Voice/Vision Holocaust Survivor Oral History Archive

Helen Lang - February 23, 1982

Befriending a Polish Prisoner

On the dresses, okay.

...we had a number. So he says, "You know what?" He picked me. I remember from five thousand--there were such beautiful girls there, such a nice--he says, "You know what? I want you to help me to write down that uh, the numbers." So in the meantime my sister went and uh, and there and I helped him. That meant already that I'm going to get two bowls of soup. And I did that--he was a Polish Gentile fellow, not Jewish.

A prisoner.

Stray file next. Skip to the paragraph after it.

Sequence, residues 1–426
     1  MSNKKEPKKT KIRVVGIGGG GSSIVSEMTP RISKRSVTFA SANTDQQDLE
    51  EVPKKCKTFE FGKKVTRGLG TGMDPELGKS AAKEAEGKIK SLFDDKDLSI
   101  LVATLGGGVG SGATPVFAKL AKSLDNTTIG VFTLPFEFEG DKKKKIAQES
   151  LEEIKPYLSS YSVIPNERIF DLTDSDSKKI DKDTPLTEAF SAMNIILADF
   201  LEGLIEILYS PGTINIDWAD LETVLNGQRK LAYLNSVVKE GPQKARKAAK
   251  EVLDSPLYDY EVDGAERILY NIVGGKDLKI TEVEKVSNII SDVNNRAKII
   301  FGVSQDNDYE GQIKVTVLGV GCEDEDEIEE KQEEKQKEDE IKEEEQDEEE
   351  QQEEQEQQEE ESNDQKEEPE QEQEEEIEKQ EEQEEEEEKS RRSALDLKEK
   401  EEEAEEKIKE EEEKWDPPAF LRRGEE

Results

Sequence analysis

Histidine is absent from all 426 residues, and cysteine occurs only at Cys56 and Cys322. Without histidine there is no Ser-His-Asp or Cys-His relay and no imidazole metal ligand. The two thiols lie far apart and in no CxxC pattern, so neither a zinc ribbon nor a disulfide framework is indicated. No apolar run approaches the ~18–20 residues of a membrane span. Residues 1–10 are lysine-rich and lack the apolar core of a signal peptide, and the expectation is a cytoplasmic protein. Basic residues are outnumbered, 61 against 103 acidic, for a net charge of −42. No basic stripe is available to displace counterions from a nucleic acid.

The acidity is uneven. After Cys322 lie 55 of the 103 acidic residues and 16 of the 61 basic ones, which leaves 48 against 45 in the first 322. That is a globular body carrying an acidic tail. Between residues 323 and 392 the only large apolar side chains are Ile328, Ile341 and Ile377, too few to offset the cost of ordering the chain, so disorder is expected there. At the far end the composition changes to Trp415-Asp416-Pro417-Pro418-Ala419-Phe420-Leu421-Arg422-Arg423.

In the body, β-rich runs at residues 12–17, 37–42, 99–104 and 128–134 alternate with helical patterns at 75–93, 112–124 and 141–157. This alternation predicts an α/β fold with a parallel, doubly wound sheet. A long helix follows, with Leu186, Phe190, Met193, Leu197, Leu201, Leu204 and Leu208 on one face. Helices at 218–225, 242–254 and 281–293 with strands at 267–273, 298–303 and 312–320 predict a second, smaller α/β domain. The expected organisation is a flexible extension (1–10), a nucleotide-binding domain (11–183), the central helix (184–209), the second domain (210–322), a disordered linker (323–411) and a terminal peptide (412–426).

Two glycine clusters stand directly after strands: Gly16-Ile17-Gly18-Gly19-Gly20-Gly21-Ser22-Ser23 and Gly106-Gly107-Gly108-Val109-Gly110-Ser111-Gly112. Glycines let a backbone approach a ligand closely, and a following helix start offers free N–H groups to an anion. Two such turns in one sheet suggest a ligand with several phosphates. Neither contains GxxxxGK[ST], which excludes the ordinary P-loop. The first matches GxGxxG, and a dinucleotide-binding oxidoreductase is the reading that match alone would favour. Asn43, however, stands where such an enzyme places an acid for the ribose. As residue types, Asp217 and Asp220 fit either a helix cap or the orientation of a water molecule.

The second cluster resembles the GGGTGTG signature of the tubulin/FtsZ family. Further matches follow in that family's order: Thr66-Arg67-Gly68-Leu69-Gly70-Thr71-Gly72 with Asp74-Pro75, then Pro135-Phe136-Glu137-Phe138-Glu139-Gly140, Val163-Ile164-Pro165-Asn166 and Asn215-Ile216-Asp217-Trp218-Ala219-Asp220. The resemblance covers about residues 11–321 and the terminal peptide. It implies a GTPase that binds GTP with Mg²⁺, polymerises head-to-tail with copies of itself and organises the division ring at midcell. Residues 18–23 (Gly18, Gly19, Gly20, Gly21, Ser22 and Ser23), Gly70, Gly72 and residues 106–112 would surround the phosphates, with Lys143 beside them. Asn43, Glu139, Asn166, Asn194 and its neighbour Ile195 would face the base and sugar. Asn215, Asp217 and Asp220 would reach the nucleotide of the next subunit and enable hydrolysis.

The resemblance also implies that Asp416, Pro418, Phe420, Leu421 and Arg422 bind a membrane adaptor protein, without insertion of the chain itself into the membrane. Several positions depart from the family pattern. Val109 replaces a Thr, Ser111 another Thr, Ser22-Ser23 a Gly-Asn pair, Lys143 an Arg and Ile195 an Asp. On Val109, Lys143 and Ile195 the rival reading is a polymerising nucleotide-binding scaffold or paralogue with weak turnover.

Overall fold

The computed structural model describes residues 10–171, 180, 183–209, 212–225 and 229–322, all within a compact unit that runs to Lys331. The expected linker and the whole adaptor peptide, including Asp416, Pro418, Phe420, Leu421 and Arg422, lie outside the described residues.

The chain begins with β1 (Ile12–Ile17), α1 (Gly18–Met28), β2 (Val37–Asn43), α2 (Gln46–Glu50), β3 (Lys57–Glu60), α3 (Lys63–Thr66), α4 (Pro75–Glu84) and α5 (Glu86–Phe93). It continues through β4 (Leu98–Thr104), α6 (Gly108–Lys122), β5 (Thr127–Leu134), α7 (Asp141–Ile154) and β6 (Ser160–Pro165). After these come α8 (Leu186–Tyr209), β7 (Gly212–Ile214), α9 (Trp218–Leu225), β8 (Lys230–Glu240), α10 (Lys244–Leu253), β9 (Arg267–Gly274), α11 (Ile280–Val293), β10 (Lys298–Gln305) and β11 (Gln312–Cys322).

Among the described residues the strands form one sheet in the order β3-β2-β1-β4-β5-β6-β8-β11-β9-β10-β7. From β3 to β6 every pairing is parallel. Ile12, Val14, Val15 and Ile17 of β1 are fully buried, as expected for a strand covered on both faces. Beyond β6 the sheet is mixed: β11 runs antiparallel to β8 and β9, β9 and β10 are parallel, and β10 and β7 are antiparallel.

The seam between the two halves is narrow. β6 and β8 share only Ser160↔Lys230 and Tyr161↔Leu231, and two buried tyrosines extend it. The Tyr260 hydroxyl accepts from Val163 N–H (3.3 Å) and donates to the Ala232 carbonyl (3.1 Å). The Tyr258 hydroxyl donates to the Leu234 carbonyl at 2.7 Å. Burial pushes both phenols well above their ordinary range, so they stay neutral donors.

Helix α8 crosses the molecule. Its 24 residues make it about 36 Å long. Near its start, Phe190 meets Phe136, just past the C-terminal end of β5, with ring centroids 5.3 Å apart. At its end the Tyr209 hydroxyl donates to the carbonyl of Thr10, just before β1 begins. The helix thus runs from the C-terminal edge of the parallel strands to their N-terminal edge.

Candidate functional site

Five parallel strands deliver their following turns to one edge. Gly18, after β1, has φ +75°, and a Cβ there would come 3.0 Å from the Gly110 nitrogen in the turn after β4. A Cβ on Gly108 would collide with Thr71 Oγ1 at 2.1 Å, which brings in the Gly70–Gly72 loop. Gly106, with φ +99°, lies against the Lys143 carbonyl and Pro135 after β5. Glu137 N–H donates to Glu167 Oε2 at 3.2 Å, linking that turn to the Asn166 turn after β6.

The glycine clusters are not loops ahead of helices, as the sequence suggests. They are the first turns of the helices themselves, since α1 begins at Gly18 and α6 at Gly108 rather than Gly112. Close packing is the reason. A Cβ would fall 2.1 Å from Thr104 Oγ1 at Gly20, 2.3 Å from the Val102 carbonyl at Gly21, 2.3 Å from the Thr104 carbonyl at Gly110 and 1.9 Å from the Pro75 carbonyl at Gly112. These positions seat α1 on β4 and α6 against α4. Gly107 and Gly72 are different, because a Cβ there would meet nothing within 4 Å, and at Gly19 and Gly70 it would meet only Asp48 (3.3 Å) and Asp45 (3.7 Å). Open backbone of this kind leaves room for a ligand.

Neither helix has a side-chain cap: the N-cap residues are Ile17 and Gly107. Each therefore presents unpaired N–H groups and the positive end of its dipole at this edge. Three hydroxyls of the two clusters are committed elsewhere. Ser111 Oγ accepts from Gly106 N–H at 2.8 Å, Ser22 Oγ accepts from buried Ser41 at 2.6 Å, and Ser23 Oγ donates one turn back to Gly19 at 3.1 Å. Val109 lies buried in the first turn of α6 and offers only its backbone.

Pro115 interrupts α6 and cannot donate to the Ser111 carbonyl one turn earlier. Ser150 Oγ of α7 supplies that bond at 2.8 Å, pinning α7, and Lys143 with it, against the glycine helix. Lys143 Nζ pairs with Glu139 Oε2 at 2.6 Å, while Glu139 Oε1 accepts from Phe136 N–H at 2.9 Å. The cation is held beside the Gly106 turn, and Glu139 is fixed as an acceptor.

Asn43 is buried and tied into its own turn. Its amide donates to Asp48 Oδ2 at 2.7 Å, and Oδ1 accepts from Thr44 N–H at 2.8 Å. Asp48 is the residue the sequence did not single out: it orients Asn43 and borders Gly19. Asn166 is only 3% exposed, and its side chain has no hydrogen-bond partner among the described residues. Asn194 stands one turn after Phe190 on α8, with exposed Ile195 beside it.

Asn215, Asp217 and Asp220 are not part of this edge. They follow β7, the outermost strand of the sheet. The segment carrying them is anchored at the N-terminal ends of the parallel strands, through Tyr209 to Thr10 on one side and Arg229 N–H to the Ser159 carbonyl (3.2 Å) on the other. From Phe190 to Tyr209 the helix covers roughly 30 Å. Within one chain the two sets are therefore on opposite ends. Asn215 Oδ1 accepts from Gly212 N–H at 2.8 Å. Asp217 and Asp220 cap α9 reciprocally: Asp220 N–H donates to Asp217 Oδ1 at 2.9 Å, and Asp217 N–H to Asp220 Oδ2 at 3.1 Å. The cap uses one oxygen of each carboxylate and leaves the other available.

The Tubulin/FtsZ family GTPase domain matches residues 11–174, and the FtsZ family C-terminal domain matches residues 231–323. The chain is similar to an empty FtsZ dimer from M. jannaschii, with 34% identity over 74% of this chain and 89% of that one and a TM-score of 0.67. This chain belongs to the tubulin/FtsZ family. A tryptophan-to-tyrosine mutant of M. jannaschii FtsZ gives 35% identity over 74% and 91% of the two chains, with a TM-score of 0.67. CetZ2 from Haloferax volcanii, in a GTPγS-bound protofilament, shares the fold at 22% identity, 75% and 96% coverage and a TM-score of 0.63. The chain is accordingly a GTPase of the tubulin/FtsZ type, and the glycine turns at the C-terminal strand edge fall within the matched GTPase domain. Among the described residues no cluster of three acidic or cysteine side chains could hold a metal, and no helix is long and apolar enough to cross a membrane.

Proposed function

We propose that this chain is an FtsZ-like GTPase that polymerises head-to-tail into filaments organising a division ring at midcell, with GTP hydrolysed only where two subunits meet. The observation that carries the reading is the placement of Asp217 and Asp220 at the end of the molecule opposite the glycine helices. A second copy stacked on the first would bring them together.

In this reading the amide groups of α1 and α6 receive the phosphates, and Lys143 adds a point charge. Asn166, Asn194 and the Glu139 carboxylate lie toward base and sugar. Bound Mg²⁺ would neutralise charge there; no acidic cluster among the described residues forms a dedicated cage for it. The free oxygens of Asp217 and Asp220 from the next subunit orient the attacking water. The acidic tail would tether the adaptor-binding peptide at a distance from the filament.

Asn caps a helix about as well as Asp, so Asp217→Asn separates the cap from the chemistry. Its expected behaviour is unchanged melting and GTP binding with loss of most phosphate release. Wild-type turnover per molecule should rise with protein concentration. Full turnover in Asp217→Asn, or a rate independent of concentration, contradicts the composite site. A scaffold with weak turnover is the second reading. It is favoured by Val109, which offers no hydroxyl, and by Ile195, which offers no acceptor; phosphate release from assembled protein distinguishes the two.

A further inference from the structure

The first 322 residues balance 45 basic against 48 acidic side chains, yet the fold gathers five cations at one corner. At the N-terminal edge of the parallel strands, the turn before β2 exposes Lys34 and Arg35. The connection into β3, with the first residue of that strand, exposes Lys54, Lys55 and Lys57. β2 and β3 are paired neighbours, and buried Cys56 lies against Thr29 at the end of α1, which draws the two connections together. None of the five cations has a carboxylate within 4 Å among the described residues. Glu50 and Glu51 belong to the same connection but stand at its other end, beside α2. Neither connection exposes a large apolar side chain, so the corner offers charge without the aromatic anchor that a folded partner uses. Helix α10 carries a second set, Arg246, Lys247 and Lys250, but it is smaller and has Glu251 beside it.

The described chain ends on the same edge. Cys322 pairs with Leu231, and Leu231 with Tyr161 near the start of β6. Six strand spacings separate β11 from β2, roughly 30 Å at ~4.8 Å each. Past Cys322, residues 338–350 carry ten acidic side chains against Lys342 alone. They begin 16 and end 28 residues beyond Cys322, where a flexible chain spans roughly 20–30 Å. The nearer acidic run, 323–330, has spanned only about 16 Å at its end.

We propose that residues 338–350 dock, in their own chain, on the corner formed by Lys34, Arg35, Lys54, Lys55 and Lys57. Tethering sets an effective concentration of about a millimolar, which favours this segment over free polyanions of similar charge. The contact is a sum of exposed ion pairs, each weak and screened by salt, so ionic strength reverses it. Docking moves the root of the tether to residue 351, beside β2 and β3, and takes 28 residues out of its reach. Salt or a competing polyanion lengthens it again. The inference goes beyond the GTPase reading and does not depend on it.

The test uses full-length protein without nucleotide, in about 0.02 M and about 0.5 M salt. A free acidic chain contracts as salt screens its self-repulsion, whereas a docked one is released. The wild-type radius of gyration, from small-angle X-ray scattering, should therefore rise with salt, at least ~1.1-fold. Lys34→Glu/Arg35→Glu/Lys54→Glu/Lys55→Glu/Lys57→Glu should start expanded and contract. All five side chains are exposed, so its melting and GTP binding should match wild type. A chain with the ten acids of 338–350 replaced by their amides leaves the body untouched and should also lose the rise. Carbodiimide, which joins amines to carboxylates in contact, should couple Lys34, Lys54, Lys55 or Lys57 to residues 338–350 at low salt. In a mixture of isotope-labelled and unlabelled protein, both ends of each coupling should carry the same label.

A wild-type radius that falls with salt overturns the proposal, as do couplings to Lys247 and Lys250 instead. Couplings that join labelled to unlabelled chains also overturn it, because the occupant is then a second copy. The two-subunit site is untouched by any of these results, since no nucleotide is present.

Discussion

A prisoner, yes. And I helped him. And, and then next day--and, and I went in, and I looked at my sister in the bunker. Everyday the same thing, Z ählappell, we had to stay out, they counted us. From there I don't know who could even run away, we were so blocked in there with all those fences. But they were counting, that was their everyday routine, they had to do it. In the morning I ran out. In the meantime, I got that guy--I helped him so I got already two plates of soup so it made me--I started to get--feel much better because I wasn't drinking that water anymore there by itself. So I got two plates of soup and I gave it naturally with my sister. And all of a sudden my sister got sick, she had some ear infection. So here, I knew already, I said "Sharika you have to do whatever--put something--when you were in--when it comes to Z ählappell, you have to come out. They should count you." I knew already what was going on. So she tried. She tried to stay there--Z ählappell--'til the Germans came and counted all of us. And then somebody--a German--we were walking out on the street--a German came and asked the girls who speaks German. And I ran to him--lots of 'em ran to him--and he picked me that I should take care of--like a Stuben ältester, you know, to take care of somebody. He wants something, you know, so I don't have to stay just in the ???. I could walk around and I got that red ribbon, you know. That means two plates of, of soup too. It was already a relief that I could help my sister too, you know, two of us. And that's what happened. So we were there. In the meantime that, that Polish guy he came too--he brought me a piece of chocolate. He says, "Now put it away. Eat it." He brought me toothpaste, you know. Which was very nice--he couldn't talk to me, you know. Because the Germans were all over, but he says, "Here have something, here have something, and take care of yourself. Watch out for yourself. Be careful." So I had something already, you know, that I figured, "My gosh, you know, he's not a Jewish guy and he's so nice to me. Why?" You know, I was wondering. So then I figured, well, he must have some feelings for human beings, you know. So and then we stayed there--how long can I say? So there I had already--I felt that there--as I say, I got two plates of soup, I had the food, you know. And I--here I was just worrying about my sister--she should get better. Here I wouldn't dare to go and take her to doctor. God forbid. But, you know, she got better a little bit. In the meantime, they were taking us away again.

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